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Average Toronto Home Owner to Pay $79 More in Overall Property Taxes in 2021

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According to the recently-released Staff Recommended Operating and Capital Budgets, Toronto residents could see their property tax rate increase by 2.53% in the year ahead.

If unchanged before the Budget Committee’s final wrap-up on February 4, this increase will see the tax on an average home’s value reach $3,201 for 2021.

This year, officials declare an investment of $1.7 billion — in collaboration with all levels of government — aims to support residents and businesses through the impacts of COVID-19. Particular facets of the community being prioritized include public health, economic response, transportation and mobility, housing and shelter, and the modernization of city services.

Under the recommendations for Toronto’s 2021 budget, property taxes would increase 0.33%. When paired with the overall budget increase of 0.7%, and the 1.5% proposed for the City Building Fund — which addresses transit and housing — the total impact closes at 2.53%.

The rise of just over 2.5% remains slim compared to last year’s increase. In 2020, property taxes for residents went up 4.24% from the year prior, reaching $3,141 for an average home.

According to the proposed budget, for the average residential home assessed at $698,801, residents would pay an additional $79 on their property taxes in 2021; a sum total of $22 for the city’s budget increase, $47 for the City Building Fund, and $10 for policy impact.

READ: New Housing Starts in Toronto up 43% Year-Over-Year in December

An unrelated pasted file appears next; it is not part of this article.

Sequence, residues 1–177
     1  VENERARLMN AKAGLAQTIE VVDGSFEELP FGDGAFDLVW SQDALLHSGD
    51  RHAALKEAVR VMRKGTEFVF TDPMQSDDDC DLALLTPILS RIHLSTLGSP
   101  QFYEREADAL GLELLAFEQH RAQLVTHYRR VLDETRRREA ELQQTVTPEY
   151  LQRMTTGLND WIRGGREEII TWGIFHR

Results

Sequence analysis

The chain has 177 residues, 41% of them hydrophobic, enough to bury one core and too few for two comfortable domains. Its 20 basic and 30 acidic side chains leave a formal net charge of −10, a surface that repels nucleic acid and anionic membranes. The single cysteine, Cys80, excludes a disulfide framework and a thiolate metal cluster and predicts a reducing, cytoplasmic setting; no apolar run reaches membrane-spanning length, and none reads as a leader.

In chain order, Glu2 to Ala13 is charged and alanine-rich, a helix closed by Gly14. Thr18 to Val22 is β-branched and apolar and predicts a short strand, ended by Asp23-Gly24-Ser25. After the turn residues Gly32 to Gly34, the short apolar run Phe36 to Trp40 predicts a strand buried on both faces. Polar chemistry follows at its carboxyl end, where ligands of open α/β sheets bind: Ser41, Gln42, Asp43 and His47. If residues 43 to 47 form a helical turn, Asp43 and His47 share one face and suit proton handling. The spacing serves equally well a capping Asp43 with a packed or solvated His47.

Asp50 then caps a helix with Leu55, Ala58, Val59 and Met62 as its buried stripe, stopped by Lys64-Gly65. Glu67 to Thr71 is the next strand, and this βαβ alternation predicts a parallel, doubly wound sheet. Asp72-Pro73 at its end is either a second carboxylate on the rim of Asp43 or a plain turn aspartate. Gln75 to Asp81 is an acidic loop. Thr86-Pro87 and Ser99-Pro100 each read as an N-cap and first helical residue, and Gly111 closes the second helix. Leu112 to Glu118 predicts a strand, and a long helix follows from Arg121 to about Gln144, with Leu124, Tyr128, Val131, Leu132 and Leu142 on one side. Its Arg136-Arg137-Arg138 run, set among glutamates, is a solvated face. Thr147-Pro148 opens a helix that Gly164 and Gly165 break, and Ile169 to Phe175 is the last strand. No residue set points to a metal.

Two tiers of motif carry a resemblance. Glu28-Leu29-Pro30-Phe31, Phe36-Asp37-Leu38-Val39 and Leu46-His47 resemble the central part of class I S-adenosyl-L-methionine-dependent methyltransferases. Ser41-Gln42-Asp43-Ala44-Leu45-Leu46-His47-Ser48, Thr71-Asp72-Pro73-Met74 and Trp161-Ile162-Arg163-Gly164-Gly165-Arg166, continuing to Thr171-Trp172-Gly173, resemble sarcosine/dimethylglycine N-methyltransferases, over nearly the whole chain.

Where property taxes are concerned, the proposed budget see the residential type increase by the most at 0.7. Business property taxes are poised to rise by 0.35% — half of the residential increase, as per policy — while industrial taxes would rise 0.23%; that’s one third of the residential increase, also per policy.

Multi-residential taxes would see no increase, per regulation, city documents say.

Justly, residents may wonder where their property tax investment is allocated, once in the proverbial hands of the municipality. According to this year’s budget presentation, 67% of citizens’ tax bills go toward public safety, mobility, and city building. This includes emergency services, social programming, transportation services and — separately — the TTC, among other resources.

These services and resources are among those with revenues impacted by COVID-19, the city says. Reduced user fees on transit, increased public health, shelter, enforcement and related costs, continued delivery of city services, and growing digital economy are all cited as spaces where the municipality felt the impacts of the pandemic through the last year.

In these areas, the city says, “support from government of Canada and province of Ontario continues to be critical to offset the financial gap.”

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